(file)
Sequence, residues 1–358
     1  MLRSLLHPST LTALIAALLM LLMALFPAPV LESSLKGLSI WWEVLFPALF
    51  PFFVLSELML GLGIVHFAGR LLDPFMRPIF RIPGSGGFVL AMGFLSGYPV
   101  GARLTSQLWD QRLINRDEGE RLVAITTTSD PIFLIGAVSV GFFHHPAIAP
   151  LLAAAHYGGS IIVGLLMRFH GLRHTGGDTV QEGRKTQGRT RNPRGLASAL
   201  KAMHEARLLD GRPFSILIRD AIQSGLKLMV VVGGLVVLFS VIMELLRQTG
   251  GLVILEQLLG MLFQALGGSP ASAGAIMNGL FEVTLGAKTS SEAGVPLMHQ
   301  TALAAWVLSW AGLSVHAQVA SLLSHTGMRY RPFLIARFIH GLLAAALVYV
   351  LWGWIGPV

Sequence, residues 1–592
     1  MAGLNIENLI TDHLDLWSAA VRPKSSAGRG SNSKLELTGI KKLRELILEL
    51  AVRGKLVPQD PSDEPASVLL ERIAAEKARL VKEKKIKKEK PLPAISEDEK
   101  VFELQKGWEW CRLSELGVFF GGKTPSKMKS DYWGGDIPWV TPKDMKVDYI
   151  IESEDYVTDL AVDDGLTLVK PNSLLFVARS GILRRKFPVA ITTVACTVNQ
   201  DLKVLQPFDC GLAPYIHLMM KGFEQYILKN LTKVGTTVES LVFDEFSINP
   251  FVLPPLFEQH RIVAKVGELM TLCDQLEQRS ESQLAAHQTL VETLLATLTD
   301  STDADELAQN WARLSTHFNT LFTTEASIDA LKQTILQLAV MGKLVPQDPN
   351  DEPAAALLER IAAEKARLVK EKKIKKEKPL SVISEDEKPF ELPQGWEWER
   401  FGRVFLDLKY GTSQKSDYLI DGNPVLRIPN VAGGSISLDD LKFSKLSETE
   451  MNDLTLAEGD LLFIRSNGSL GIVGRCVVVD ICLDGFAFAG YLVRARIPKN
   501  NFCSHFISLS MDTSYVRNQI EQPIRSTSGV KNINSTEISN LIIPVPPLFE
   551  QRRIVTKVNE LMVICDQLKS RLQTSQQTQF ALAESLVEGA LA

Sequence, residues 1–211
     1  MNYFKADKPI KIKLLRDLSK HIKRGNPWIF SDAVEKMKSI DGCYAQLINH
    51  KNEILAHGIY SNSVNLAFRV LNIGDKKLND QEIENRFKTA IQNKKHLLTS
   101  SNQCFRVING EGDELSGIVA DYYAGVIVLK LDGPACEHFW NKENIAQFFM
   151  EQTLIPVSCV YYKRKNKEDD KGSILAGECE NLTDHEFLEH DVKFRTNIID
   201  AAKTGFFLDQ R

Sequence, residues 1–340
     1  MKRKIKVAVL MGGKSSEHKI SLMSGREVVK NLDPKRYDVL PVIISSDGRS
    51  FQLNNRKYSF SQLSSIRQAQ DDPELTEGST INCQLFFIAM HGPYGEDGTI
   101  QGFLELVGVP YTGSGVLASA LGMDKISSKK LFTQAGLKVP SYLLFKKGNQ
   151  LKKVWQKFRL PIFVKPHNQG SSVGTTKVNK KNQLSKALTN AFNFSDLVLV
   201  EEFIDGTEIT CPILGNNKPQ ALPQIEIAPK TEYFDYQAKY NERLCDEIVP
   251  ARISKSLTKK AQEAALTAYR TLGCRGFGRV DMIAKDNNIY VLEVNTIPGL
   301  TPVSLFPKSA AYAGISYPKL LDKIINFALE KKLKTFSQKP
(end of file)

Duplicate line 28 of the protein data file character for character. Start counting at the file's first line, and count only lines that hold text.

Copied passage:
   201  AAKTGFFLDQ R